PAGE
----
Listening to instruments in the orchestra – Percussion

Posted on March 27, 2012


Edgard Varèse – Ionisation

Ionisation is a composition for an ensemble playing exclusively percussion instruments. It involves a great number of instruments with different tone colour, playing various rhythms combined without any obvious structure. It was written in the early thirties of the twentieth century, and it seems to me that the composer was inspired by the revolutionary discoveries in the field of physics of this era – the impact of high energy particles on the atoms. When these phenomena are examined using a sound or light generator (a Geiger-Müller counter or smoke ionisation chamber) the subatomic impacts occur randomly. In nature we can observe ionisation in the high altitude atmosphere in the form of Northern Light, which is a good example of random phenomena eliciting fascination in people looking at them.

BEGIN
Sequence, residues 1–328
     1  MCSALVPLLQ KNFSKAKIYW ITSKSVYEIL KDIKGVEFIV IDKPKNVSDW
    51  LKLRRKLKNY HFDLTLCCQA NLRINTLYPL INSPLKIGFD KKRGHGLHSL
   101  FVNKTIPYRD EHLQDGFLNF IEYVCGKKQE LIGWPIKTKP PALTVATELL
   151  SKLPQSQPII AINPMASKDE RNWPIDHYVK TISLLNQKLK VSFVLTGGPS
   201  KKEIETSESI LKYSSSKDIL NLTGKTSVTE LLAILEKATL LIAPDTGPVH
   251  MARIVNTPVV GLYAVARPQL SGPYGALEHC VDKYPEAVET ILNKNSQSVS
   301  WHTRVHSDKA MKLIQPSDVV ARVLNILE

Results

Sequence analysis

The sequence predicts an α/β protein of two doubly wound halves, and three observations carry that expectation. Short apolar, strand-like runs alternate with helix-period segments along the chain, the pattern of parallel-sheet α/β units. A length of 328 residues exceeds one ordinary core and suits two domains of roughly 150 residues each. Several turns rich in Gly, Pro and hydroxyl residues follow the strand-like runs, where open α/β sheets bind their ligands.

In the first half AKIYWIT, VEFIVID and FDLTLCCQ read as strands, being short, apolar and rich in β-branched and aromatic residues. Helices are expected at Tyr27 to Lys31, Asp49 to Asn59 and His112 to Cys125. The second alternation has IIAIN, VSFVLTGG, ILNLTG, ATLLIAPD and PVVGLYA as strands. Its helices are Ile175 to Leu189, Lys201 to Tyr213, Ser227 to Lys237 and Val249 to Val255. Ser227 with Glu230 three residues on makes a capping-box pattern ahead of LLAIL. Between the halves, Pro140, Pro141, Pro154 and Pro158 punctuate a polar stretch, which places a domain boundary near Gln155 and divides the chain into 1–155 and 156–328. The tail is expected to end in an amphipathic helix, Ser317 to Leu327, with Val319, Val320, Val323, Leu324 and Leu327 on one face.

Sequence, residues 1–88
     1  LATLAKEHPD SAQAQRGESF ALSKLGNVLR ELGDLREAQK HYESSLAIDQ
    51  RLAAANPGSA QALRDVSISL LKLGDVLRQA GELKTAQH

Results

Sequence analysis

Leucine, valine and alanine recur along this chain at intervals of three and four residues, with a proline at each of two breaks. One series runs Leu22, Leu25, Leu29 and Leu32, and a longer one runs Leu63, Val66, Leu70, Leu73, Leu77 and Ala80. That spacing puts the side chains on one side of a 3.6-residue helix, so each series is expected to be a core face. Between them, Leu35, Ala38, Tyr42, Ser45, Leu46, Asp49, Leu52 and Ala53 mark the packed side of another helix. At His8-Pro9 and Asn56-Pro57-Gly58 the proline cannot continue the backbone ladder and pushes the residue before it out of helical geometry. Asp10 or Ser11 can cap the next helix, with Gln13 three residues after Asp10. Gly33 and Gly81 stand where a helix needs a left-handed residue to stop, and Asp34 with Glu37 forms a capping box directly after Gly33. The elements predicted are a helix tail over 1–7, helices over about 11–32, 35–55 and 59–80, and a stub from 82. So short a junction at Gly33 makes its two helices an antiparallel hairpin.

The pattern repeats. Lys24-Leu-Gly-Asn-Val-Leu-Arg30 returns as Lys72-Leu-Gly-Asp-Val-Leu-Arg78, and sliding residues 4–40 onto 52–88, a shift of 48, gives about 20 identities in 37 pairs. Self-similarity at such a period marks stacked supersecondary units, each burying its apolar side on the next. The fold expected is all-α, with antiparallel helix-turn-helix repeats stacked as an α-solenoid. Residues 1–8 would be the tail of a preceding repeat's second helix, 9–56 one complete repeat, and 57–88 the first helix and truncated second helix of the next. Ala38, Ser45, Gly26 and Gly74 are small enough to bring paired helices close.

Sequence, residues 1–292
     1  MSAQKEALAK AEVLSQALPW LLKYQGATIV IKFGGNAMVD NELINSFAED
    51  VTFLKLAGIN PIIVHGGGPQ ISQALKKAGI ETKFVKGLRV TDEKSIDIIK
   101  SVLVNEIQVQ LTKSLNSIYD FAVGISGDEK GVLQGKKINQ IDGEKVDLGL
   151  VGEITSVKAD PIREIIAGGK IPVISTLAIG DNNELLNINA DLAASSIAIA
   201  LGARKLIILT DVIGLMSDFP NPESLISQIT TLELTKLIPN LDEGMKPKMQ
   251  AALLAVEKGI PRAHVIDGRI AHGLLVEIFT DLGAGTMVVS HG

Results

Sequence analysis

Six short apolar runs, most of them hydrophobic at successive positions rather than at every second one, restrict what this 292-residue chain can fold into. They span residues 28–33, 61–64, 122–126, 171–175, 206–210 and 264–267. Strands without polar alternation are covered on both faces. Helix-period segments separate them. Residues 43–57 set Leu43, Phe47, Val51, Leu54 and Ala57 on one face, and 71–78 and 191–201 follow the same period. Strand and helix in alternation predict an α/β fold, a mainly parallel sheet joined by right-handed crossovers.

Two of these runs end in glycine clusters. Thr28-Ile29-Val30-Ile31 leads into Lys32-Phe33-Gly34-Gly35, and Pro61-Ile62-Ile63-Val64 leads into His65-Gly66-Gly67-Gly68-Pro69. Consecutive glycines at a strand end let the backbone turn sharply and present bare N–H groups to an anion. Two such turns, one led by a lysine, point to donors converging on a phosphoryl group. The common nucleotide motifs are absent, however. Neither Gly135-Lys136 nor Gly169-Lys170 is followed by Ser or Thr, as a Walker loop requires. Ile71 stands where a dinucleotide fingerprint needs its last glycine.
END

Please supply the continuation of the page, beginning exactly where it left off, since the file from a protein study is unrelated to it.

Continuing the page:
Ionisation is a musical experiment which doesn’t follow a defined tonal structure and the different sounds occur apparently randomly. However, the composition is not exclusively conceptual, it doesn’t sound “sterile”, and it maintains a strong sensual quality. The multitudes of percussion instruments with different timbre create an effect of richness and surprise, providing stimulation at each level of the auditory frequency range. Musical instruments that are usually not heard in the same context such as siren, cowbell, snare drums, tam-tams, castanets and many others evoke a great variety of associations. The interplay of the different rhythms gradually build up emotional tension. Something interesting is always going on somewhere, and there is an intensive sense of motion and progression as the different instruments are joining in successively, leading to a cathartic ending.

Posted in: Part 1